From Luminous Detail to Luminous Debris: Ezra Pound, Gustaf Sobin, and the Modernist Imaginary of Ruins

Author:Patrick Pritchett Time:2019-07-09 Click:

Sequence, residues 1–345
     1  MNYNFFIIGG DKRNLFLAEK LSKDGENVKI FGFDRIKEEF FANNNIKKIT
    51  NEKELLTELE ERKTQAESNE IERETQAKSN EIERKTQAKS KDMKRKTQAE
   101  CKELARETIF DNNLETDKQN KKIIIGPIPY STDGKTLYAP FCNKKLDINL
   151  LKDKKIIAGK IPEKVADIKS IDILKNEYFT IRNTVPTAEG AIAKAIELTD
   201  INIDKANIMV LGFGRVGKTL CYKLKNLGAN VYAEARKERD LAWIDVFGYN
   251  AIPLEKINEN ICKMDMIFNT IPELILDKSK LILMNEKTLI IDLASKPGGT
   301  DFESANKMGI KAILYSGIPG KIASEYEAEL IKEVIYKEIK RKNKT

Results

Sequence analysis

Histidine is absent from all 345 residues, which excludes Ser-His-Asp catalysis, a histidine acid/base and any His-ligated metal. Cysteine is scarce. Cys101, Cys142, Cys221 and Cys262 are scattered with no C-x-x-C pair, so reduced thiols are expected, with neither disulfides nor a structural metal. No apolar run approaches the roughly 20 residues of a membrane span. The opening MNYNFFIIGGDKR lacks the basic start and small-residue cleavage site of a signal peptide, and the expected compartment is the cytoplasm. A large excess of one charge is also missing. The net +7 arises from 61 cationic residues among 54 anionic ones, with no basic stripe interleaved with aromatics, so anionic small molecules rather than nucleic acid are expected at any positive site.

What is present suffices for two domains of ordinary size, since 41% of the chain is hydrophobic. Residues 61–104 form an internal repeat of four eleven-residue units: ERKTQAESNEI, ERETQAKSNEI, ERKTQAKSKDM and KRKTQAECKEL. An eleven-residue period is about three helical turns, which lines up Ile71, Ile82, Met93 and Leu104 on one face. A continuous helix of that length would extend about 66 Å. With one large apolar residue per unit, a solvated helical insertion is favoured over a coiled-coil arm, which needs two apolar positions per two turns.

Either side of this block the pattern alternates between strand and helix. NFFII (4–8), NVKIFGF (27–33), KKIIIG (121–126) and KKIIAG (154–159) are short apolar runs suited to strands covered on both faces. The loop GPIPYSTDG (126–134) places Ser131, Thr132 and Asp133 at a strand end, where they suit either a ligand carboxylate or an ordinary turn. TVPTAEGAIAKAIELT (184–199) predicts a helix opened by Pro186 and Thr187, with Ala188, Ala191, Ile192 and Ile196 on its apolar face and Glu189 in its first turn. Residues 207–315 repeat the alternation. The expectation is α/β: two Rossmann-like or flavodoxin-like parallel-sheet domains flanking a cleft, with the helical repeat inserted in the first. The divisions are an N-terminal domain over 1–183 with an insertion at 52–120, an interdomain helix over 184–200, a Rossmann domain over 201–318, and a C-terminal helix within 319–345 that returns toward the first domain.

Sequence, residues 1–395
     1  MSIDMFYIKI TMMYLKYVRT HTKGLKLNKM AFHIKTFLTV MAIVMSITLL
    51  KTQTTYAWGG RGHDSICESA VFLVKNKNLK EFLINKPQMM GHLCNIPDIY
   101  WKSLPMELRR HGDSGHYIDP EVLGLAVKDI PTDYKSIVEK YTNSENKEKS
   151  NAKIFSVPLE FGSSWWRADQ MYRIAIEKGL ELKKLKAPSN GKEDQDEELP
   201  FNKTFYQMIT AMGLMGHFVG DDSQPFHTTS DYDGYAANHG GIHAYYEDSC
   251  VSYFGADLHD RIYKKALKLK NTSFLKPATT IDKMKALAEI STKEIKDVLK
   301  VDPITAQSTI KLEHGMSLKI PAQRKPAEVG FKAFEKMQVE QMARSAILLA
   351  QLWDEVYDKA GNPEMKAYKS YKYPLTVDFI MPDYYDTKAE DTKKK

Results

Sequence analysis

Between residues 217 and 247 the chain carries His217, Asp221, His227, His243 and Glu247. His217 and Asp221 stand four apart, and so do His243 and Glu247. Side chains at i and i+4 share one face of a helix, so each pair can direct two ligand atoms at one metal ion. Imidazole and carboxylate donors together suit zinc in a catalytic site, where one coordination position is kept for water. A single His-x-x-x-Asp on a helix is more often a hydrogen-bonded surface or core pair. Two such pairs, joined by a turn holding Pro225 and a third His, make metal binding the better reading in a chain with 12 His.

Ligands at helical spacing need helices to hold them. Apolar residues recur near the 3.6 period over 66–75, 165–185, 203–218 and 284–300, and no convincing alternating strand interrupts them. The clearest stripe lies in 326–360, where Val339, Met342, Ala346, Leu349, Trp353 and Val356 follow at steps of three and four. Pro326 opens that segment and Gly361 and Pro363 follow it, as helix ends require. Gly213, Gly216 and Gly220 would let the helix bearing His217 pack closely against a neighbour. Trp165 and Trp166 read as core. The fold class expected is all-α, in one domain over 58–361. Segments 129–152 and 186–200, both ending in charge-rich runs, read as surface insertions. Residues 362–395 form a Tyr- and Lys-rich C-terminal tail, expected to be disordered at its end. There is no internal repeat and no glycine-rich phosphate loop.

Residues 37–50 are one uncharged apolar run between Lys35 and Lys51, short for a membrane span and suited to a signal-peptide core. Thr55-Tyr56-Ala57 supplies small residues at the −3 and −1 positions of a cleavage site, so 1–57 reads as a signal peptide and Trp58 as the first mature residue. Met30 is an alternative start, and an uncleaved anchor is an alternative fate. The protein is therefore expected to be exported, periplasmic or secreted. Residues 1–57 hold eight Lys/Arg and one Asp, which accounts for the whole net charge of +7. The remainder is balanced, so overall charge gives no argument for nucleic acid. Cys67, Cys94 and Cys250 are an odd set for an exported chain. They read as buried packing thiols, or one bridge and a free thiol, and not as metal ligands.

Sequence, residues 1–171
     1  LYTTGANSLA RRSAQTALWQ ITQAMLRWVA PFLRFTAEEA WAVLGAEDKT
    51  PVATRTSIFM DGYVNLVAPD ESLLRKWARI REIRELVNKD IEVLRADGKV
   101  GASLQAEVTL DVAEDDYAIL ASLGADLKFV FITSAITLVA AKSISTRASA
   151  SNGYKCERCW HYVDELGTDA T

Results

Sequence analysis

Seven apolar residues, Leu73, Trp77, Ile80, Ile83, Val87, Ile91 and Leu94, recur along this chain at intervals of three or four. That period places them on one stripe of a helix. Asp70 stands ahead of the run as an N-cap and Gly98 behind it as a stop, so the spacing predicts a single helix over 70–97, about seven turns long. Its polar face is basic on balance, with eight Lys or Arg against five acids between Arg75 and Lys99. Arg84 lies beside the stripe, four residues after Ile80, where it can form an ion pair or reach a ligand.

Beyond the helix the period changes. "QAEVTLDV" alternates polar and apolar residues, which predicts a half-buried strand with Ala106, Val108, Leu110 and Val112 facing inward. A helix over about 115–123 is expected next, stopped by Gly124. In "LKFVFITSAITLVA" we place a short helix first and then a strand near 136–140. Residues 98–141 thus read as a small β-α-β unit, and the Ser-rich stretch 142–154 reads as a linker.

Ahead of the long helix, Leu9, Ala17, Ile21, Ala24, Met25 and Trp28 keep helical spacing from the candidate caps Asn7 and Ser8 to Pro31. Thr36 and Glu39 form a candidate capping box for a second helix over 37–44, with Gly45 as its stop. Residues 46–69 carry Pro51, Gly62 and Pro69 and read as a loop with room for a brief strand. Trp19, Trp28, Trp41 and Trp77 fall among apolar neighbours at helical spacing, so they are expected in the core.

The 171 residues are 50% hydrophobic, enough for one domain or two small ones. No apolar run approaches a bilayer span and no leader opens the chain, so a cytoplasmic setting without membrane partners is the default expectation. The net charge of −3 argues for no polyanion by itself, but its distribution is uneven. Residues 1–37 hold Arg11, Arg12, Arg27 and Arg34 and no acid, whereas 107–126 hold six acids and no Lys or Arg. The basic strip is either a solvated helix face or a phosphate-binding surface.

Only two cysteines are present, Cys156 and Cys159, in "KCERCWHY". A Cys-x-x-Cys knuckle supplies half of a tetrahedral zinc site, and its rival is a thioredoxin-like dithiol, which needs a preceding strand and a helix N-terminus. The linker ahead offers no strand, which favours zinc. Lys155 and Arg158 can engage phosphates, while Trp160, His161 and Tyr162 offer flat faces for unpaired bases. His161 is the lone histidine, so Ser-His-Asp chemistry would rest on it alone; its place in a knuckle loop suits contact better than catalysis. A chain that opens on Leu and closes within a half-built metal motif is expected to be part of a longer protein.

This essay traces the central role that Provence plays in the poetry of Ezra Pound and Gustaf Sobin. For both poets, this region in the south of France was a major site of inspiration, whether as the nexus of troubadour culture for Pound, or as a landscape of remnants left by Roman and Neolithic cultures for Sobin. I will focus on their use of the toponymic aura of Provence and how it enables them to think of the fate of history from within the region’s textual and archaeological ruins. Ruin’s utility as a category for investing poetic form with a new urgency comes from the power of the broken to still speak: not the whole, but the shadow or fragment of the whole. To think in ruins is counter-intuitive: it means resisting, rather than yielding to, the lassitude of entropy. As Pound intuited, it is to write not of last things, but of first things, to attain a kind of lyric degree zero by which ruins revise the ways in which origin signifies.

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